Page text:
Rejoice! It’s the weekend and, as such, some of you may well be tucking into a bottle (or two – just remember to drink sensibly, folks) of plonk. But how much should you spend for a decent bottle?
Other people are probably more discriminate when it comes to choosing wine than I am. But as Alfa explained previously, it’s quite tricky to find a reasonably priced wine that’s not just drinkable, but enjoyable, too.
When I hit the alcohol aisle in the supermarket, I usually scan the shelves for offers, and if I can’t see anything that looks like a steal, plump for the usual big-name, mass-produced Shiraz or Malbec, too stumped/nervous to try anything else. It’ll usually cost around £6.
But there’s apparently a simple ‘secret’ to wine-choosing success that might get me a little more adventurous. All I have to do to get the perfect bottle is choose one that costs £10. No more, no less.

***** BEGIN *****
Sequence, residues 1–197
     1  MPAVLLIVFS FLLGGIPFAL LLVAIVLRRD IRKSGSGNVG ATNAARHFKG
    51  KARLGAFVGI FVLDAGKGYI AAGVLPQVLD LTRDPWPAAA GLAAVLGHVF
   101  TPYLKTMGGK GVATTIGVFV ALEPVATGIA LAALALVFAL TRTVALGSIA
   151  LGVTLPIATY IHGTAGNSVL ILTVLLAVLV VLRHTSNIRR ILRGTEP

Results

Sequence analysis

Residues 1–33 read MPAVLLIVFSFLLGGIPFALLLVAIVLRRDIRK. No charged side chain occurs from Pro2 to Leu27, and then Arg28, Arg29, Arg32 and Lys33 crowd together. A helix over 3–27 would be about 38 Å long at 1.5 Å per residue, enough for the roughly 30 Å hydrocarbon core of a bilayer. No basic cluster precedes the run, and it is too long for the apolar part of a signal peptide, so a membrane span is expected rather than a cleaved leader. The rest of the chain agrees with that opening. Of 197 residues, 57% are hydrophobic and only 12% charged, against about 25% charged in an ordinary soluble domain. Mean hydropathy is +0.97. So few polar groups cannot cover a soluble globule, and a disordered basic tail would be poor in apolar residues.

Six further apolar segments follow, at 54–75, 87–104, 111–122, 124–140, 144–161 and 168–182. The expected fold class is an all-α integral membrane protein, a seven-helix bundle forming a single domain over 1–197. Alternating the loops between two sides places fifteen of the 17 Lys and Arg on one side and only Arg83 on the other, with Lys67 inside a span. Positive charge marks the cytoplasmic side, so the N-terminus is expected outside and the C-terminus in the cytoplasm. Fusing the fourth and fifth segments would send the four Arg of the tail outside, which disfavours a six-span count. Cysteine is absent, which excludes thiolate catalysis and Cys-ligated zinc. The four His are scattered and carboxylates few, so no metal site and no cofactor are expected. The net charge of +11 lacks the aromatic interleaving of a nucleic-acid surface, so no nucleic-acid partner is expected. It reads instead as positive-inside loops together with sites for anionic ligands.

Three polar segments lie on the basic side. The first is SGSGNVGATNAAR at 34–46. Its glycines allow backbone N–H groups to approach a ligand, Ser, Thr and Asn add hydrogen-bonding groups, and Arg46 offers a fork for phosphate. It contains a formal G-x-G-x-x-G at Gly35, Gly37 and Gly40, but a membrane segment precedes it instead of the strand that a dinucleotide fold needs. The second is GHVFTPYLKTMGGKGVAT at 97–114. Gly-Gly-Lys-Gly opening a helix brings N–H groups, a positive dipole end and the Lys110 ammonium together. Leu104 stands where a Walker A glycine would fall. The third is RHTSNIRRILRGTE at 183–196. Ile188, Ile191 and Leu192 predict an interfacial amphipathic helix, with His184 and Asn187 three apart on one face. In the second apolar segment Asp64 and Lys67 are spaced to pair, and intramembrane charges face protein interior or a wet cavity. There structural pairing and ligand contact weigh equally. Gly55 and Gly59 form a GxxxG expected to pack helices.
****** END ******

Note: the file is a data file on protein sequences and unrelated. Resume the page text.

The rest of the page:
According to former Waitrose managing director (now Minister of State at the Department for International Trade), Lord Mark Price, this is the ‘sweet spot’ that gets you the best balance between quality and price.
His theory is that the tax, transport and bottling costs are fixed and don’t change according to how dear the wine is. This means you pay the same amount of tax on a £5 bottle as you do on a £50 one, so you effectively get less for your money with the cheaper option.
He adds that the value of wine inside a £5 bottle is just under 50p, but £3 in a £10 one, so you get wine that’s twice as much but six times the quality.
If you go up to a £20 bottle, however, the quality of wine is about £7-£8, but you’ve doubled up in cost. This makes the £10 bottle the best bet in terms of quality against cost.
How much do you normally spend on a bottle of wine from a supermarket?
£5-£10 (64%, 695 Votes)
£5 or under (31%, 337 Votes)
£10 - £15 (5%, 50 Votes)
£15 - £20 (0%, 5 Votes)
£20+ (0%, 5 Votes)
Total Voters: 1,092
Wine list woes
But what about when you’re at a pub, bar or restaurant?
Well, if it’s left to me, I’ll usually pick the second or third on the list, thinking the cheapest will taste like paint stripper.
A wine-loving friend swears that you’re actually better off going for the house – and it seems she’s got a point. Apparently, the second and third cheapest wines are actually the ones most likely to have been marked up the highest amount, so are the worst value.
So how do you pick your wine? Do you agree with the £10 theory? Or do you think it’s too extravagant?